Conservation opportunities across the world's anthromes

L.J. Martin, J.E. Quinn, E.C. Ellis, M.R. Shaw, M.A. Dorning, L.M. Hallett, N.E. Heller, Richard Hobbs, C.E. Kraft, E. Law, N.L. Michel, Michael Perring, P.D. Shirey, R. Wiederholt

    Research output: Contribution to journalArticlepeer-review

    72 Citations (Scopus)


    Aim: Biologists increasingly recognize the roles of humans in ecosystems. Subsequently, many have argued that biodiversity conservation must be extended to environments that humans have shaped directly. Yet popular biogeographical frameworks such as biomes do not incorporate human land use, limiting their relevance to future conservation planning. 'Anthromes' map global ecological patterns created by sustained direct human interactions with ecosystems. In this paper, we set to understand how current conservation efforts are distributed across anthromes. Location: Global. Methods: We analysed the global distribution of IUCN protected areas and biodiversity hotspots by anthrome. We related this information to density of native plant species and density of previous ecological studies. Potential conservation opportunities in anthromes were then identified through global analysis and two case studies. Results: Protected areas and biodiversity hotspots are not distributed equally across anthromes. Less populated anthromes contain a greater proportion of protected areas. The fewest hotspots are found within densely settled anthromes and wildlands, which occur at the two extremes of human population density. Opportunities for representative protection, prioritization, study and inclusion of native species were not congruent. Main conclusions: Researchers and practitioners can use the anthromes framework to analyse the distribution of conservation practices at the global and regional scale. Like biomes, anthromes could also be used to set future conservation priorities. Conservation goals in areas directly shaped by humans need not be less ambitious than those in 'natural areas'. © 2014 John Wiley & Sons Ltd.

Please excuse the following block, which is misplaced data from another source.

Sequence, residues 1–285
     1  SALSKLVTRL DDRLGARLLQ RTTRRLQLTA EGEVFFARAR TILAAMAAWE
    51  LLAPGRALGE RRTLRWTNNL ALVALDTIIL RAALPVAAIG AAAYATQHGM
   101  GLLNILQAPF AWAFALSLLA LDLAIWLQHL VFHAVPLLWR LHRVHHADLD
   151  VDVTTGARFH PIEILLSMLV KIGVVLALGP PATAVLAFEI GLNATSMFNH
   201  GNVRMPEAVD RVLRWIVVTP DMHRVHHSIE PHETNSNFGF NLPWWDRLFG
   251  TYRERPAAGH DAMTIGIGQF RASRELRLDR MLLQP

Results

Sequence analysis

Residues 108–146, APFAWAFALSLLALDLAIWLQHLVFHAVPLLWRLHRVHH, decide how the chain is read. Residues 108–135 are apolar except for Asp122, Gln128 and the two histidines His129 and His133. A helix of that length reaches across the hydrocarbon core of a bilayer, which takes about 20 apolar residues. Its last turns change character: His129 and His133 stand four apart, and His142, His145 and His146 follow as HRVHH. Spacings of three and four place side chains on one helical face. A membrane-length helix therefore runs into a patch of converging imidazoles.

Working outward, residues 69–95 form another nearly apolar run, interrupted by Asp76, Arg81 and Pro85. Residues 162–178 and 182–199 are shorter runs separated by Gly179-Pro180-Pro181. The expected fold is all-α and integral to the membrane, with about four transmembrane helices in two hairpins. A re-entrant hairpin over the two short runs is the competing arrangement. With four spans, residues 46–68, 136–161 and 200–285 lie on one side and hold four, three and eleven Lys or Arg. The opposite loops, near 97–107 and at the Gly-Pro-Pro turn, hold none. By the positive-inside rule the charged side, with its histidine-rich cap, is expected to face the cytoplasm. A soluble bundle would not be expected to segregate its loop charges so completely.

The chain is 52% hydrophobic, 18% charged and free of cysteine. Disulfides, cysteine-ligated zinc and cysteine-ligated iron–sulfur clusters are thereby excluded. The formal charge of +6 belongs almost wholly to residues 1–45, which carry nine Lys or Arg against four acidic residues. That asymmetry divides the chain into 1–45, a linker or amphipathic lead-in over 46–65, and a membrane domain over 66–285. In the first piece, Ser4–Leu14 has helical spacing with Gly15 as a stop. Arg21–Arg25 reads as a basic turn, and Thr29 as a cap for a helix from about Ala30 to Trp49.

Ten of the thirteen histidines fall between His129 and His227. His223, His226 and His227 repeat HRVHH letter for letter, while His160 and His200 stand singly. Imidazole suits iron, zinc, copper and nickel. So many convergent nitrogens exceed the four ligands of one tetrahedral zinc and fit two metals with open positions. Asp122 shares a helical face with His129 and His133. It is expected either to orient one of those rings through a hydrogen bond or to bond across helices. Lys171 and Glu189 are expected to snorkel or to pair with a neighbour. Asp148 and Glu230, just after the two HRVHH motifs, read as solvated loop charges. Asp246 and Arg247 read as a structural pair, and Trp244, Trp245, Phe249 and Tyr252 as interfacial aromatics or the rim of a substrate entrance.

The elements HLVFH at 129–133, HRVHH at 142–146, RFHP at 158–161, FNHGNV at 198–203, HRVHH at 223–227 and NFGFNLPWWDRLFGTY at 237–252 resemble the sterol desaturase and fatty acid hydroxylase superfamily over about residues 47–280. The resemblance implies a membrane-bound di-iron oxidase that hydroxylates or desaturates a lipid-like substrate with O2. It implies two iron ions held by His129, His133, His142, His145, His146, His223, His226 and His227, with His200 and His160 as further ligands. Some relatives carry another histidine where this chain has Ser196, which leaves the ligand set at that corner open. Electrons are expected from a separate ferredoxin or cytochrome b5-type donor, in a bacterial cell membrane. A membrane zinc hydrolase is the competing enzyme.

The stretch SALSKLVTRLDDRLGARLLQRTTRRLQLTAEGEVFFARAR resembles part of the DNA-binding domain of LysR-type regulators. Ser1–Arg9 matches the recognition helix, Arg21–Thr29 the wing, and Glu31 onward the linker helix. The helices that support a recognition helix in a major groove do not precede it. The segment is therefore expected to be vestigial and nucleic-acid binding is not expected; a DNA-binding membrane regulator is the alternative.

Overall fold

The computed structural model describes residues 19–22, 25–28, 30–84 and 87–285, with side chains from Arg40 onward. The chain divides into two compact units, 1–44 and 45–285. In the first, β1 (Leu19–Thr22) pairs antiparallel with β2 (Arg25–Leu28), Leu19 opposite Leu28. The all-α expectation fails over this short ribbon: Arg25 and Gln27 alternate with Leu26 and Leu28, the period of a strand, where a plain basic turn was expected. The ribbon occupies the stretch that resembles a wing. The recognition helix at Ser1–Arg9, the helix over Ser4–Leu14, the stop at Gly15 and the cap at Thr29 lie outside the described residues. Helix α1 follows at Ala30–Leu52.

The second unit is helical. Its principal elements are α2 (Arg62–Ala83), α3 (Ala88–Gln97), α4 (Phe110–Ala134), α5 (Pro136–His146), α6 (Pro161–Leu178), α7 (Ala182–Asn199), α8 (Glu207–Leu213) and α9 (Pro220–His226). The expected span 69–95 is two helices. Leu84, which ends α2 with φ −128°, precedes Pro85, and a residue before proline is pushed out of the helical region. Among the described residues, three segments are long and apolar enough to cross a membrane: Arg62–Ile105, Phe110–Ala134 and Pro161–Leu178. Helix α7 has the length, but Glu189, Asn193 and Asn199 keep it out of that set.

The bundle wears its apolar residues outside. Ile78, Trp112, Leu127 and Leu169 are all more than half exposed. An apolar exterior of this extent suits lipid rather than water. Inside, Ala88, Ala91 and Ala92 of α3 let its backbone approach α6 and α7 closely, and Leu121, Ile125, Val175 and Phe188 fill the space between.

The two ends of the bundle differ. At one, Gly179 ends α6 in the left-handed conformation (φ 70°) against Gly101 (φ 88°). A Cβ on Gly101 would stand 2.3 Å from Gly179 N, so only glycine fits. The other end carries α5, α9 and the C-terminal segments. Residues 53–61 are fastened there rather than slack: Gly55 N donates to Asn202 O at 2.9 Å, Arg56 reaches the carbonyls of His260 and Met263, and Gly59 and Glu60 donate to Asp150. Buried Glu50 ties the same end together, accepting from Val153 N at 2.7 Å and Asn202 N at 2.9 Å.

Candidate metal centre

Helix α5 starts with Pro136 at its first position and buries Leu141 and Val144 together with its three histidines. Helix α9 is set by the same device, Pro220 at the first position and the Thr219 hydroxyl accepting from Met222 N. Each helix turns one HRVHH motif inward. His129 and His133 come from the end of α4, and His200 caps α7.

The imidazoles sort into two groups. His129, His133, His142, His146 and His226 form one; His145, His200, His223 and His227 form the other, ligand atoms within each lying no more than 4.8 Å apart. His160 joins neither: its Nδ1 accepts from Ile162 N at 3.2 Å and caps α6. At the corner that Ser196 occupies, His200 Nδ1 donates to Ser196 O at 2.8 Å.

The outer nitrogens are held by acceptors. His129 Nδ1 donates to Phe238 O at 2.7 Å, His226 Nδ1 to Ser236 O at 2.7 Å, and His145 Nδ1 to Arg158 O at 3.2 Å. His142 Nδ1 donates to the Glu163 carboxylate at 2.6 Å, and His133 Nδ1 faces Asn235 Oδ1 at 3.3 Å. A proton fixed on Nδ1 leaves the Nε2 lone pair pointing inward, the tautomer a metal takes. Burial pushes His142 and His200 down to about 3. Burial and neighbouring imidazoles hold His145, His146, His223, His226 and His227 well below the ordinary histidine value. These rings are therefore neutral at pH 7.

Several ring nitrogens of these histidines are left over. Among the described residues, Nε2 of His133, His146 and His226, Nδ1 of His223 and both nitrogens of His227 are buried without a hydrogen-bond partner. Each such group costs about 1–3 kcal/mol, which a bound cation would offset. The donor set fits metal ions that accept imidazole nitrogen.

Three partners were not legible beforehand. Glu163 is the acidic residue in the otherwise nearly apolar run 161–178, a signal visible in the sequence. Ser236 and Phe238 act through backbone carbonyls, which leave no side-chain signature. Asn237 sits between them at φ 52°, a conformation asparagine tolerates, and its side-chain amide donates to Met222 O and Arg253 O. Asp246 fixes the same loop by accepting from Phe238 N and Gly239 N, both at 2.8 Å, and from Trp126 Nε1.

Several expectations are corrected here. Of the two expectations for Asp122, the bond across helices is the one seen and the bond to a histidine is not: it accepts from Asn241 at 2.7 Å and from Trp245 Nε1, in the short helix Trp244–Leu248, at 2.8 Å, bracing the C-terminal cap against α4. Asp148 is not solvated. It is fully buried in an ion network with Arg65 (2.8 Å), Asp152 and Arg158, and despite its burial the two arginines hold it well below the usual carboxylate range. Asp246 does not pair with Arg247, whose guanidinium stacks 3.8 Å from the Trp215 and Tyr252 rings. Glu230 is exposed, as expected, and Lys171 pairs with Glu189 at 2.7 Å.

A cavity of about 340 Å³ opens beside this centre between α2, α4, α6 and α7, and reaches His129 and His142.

Original languageEnglish
    Pages (from-to)745-755
    JournalDiversity and Distributions
    Issue number7
    Early online date9 May 2014
    Publication statusPublished - Jul 2014


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